Now we need to remove the offending condition which can be done by simply right clicking on it and choosing “Drop Row.” It will prompt you to confirm, just hit OK to continue.

2-orca-delete-row

Finally before we save our new MSI we need to go to Tools and Options, choosing the Database tab. Here we need to check the “Copy embedded streams during ‘Save As’ so that our changes will be rolled into the package.

3-orca-options

Now simply go to File>Save As… and save as you would any other file. Easy peasy…

4-orca-save-as

Now if we run our new MSI package it will allow you to proceed to install as expected. Again, let me say this won’t magically tell TAC that this is a supported solution. If you run into problems they may still tell you either to upgrade to 10.6 (which supports Windows 10) or later or roll back Windows version to 8.1 or older.

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Quieting the LogPartitionLowWaterMarkExceeded Beast in Cisco IPT 9.0.x Products

As a SysAdmin I’m used to waking up, grabbing my phone and seeing the 20 or so e-mails that  the various systems and such have sent me over night, gives me an idea of how the day will go and what I need start with. Every so often though you get that morning where the 20 becomes 200 and you just want to roll over and go back to bed. This morning I had about 200, the vast majority of which was from my Cisco Unified Contact Center Express server with the subject “LogPartitionLowWaterMarkExceeded.” Luckily I’ve had this before and know what to do with it but on the chance you are getting it too here’s what it means and how to deal with it in an efficient manner.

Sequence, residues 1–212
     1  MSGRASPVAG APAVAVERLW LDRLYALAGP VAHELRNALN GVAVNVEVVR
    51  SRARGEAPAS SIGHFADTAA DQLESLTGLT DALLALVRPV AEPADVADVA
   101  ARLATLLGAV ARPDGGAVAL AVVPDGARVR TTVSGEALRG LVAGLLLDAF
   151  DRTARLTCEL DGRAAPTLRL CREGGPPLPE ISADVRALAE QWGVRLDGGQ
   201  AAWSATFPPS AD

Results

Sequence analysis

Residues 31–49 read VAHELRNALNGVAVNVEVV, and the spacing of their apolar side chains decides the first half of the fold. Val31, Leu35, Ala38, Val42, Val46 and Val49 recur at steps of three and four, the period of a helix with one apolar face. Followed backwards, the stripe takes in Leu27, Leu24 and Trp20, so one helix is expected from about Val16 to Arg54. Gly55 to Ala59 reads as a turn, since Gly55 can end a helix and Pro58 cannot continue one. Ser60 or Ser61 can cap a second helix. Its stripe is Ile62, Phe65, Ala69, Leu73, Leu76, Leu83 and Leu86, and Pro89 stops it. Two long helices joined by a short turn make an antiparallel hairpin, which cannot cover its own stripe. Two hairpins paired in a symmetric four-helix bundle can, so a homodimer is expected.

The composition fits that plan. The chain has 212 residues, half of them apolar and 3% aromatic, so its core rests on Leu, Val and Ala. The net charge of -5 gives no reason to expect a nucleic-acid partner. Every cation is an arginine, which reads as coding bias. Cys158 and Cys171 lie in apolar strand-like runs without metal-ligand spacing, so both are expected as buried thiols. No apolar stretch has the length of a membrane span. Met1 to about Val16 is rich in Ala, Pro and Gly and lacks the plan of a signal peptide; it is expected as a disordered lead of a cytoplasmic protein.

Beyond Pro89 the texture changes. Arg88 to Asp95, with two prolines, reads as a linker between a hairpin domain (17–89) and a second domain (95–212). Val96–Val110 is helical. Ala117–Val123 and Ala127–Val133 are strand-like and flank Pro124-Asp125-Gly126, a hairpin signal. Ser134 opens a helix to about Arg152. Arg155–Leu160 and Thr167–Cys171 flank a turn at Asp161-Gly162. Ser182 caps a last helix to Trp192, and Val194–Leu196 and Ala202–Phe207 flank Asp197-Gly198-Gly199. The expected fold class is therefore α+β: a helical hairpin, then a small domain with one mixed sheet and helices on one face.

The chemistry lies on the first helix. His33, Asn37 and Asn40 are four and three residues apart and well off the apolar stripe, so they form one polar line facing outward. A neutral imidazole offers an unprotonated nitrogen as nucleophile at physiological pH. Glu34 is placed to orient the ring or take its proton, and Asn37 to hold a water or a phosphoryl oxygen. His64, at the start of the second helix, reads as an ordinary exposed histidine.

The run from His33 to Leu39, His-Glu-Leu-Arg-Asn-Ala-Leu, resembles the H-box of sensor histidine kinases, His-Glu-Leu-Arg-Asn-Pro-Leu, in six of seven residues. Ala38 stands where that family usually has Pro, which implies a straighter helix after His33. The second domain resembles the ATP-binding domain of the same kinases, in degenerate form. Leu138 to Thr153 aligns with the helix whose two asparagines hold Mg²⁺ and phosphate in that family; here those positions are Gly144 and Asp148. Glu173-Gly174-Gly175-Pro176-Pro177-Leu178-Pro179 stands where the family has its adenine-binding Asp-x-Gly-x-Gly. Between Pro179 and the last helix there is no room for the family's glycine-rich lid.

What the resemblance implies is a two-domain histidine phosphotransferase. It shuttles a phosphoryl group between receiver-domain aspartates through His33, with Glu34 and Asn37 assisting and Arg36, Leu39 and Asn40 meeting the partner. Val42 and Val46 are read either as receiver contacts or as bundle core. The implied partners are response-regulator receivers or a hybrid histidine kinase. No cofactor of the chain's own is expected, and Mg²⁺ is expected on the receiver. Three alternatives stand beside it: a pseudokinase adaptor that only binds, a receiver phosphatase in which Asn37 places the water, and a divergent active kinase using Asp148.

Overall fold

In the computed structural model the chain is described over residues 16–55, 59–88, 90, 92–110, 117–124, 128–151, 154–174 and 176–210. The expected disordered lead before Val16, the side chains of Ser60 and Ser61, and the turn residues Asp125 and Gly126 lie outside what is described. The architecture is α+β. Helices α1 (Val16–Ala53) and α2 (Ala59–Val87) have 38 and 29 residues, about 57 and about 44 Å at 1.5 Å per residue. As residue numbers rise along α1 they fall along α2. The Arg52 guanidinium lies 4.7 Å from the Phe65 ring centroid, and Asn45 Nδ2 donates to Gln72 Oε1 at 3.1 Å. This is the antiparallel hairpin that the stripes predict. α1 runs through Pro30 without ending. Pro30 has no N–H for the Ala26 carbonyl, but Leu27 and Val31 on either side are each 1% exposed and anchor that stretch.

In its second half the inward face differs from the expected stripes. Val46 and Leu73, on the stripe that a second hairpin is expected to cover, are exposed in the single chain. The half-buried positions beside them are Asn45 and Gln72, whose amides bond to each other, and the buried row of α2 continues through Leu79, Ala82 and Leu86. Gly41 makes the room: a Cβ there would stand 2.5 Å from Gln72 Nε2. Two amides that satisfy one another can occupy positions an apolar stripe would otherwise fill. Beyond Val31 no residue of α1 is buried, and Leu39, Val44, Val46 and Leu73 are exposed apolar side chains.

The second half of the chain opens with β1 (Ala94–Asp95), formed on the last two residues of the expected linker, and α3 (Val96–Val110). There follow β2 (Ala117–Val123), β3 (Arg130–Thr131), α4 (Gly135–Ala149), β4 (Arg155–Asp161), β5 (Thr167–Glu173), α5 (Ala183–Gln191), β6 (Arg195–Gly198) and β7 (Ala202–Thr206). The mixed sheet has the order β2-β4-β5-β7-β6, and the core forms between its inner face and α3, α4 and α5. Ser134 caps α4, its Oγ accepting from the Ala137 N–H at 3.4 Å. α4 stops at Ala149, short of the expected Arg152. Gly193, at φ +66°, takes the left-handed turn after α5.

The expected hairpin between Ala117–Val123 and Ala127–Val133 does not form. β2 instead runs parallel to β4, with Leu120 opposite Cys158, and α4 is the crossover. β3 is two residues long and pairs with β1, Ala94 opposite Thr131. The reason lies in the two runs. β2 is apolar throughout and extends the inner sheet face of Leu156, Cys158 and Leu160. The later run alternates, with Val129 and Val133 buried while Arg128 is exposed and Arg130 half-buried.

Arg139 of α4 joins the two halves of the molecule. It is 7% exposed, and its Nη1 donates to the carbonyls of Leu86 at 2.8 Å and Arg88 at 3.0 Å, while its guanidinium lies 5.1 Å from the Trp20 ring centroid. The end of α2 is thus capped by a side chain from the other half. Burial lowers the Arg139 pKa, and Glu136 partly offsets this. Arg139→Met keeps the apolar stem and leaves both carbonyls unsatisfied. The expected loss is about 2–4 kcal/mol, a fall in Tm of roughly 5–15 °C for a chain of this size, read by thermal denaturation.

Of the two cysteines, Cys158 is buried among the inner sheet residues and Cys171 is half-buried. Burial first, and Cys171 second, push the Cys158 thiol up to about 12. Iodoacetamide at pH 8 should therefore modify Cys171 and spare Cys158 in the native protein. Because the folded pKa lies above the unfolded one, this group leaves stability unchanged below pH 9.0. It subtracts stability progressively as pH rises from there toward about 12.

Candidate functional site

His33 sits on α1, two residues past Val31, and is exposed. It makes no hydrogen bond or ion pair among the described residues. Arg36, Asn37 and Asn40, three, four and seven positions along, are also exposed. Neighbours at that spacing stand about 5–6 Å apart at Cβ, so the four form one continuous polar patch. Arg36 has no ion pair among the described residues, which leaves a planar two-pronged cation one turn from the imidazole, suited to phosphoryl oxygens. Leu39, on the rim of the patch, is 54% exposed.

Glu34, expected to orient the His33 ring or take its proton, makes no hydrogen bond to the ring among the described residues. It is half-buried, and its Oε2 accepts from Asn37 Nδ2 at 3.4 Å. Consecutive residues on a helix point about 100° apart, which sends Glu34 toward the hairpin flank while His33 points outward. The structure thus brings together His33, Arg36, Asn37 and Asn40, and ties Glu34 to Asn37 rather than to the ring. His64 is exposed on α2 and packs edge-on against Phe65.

WTF Is This?!?

Or at least that was my response the first time I ran into this. If you are a good little voice administrator one of the first things you do when installing your phone system or taking one over due to job change is setup the automatic alerting capability in the Cisco Unified Real Time Monitoring Tool (or RTMT, you did install that, right?) so that when things go awry you know in theory before the users do. One of the downsides to this system is it is an either on or off alerting system meaning what ever log events are saved within the system are automatically e-mailed at the same frequency.

This particular error message is the by-product of a bug (CSCul18667) in the 9.0.x releases of all the Cisco IP Telephony products in which the JMX logs produced by the at the time new Unified Intelligence Center didn’t get automatically deleted to maintain space on the log partition. While this has long since been fixed phone systems are one of those things that don’t get updated as regularly as they should and such it is still and issue. The resulting effect is that when you reach the “warning” level of partition usage (Low Water Mark) it starts logging ever 5 minutes that the level has been reached.